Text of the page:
Four months after opening Duck Duck Goat, Duck Duck Ta Go was born. Serving out of the window added off the kitchen, "Ta Go" serves Chinese and Taiwanese street food-style dishes that aren't offered on the regular Duck Duck Goat menu. The to-go service operates out of its own tiny kitchen.

Some bigger Chicago restaurant companies are meeting growing demand for food that can be consumed off-site by developing digital-only eateries that operate out of existing kitchens, with some small tweaks.

Lettuce Entertain You Enterprises, a Chicago-based restaurant group that operates dozens of eateries, in March established a Lincoln Park area takeout- and delivery-only spot called Seaside's that operates out of the kitchen at Oyster Bah, a sister property. In July, the company introduced ASAP Poke, a delivery-only service that operates out of Naoki Sushi in Lincoln Park.

"As we open new concepts like this, there certainly are thoughts on food preparation and training and making sure delivery can be executed in a really seamless way," said Scott Barton, an executive partner and divisional president who oversees Naoki and ASAP Poke. "We are trying to make sure that the space and layout fits for the technology involved."

That balance between technology upgrades and concrete changes is key, according to Jon Lawrence, senior director of solution strategy for NCR, which develops a number of back-end restaurant systems.

"It's a little bit of chicken and egg," he said. "Without tech you can't make the physical changes and without the physical change, you won't always serve the guests more effectively."

There's been more demand recently for improved technology in part because the ways restaurants get customers — online, mobile, delivery — are changing so rapidly, Lawrence said.

"There has been a growing interest to use these systems now that there are orders coming in from new channels," he said. "And now that these channels are opening up, (restaurateurs) are starting to look at how changes can be made in design."

Designing restaurants of the future

Even diners who still choose to eat in a restaurant are spending their time there differently, which restaurants must also keep in mind when reconfiguring their spaces.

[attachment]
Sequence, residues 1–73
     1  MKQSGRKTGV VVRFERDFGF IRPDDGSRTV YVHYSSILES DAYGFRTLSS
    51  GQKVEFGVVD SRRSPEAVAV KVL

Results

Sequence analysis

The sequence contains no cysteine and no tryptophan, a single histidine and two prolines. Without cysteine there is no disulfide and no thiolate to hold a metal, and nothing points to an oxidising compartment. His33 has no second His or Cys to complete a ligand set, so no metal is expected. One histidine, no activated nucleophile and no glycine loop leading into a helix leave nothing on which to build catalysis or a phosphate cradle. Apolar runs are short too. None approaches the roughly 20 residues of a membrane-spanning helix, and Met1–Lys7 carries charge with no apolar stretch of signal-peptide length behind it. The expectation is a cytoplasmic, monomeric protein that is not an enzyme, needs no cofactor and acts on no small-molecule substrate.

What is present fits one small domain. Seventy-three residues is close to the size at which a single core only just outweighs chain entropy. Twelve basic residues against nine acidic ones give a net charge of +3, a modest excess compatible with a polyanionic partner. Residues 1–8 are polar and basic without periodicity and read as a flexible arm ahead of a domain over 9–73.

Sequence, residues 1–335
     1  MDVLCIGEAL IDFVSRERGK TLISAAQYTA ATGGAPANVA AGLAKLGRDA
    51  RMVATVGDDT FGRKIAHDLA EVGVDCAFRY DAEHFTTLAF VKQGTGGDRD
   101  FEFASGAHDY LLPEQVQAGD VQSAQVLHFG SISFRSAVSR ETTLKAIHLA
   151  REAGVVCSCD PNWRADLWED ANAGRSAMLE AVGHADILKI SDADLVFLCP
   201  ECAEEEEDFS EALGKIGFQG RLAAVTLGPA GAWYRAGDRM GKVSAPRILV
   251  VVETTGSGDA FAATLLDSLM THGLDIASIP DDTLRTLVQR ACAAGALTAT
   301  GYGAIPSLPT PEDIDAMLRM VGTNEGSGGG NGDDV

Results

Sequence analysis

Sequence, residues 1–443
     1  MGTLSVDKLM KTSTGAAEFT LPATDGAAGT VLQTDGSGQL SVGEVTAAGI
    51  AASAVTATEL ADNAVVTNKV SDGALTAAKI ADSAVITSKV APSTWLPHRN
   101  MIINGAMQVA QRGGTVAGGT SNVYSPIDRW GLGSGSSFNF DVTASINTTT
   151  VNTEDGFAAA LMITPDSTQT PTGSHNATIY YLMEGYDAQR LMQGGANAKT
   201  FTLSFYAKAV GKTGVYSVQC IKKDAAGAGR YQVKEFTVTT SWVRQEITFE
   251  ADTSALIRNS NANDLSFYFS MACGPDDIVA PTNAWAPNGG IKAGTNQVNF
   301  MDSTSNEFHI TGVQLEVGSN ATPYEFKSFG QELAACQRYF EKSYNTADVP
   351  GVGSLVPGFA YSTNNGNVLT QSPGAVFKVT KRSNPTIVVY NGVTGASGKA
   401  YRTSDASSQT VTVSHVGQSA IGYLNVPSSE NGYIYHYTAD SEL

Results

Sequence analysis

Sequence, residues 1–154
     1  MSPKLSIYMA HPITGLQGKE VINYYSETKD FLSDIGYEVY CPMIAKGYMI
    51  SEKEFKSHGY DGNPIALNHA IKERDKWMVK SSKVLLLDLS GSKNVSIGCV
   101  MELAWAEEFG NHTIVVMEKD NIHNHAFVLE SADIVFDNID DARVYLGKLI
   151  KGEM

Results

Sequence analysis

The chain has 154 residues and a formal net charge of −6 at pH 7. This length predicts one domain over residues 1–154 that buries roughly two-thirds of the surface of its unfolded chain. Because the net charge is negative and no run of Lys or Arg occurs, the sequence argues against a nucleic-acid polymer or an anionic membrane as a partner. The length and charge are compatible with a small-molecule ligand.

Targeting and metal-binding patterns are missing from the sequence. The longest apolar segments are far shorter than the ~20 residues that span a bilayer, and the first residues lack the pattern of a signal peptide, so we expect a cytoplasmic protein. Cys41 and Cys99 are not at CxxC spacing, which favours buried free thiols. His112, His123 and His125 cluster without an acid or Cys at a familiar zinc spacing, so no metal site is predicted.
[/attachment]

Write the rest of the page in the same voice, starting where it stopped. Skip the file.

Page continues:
Dwayne MacEwen, founder of Evanston-based DMAC Architecture, said that restaurant design is changing to cater to more "alone-together" guests, or those that come to eat solo but still want to be in the company of others.

"They have their earbuds in, their laptops open, but they still want to be in a dining room," he said.

MacEwen, whose firm has designed spaces for restaurants including Hugo's Frog Bar & Fish House, Roka Akor, Untitled Supper Club, Michael Jordan's Steak House and Doc B's Fresh Kitchen, said the first design change restaurant customers may notice is the host stand.

"With so much grab-and-go business today, take-out is moving away from the bar," he said. "It used to be that customers would wait over a drink at the bar, but now we're tethered to our phones."

That means host stands are getting larger and some are being retrofitted with added shelving so to-go customers can get in and out quickly.

In the kitchen, there is more space allotted for hot boxes, heat lamps, and delivery drivers, he said. Expediting counters — where hot food waits to be picked up by a server — are being staffed more by delivery drivers and less by servers, MacEwen said.

Restaurants also are being laid out with less waiting space in front, because many restaurants can now alert customers with a text when their table is ready. And cash register space is becoming less vital, as technology makes it possible for customers to pay at their tables or with the swipe of a card by a server.

And with customers' desire to be more connected comes the need for more power outlets, MacEwen said, a feature that's becoming essential. He said more outlets are being added at places where singles tend to congregate, like the bar and at communal or smaller tables, so customers can take advantage of them without holding up a full table.

"It's all about a morphing of how people live and work," he said. "It used to be that we ate in the dining room and watched TV in the living room. Now your desk has moved into your pocket, and the food comes with you on your way. The old rules don't really make sense now."

sbomkamp@chicagotribune.com

Twitter @SamWillTravel

Copyright © 2017, CT Now
66°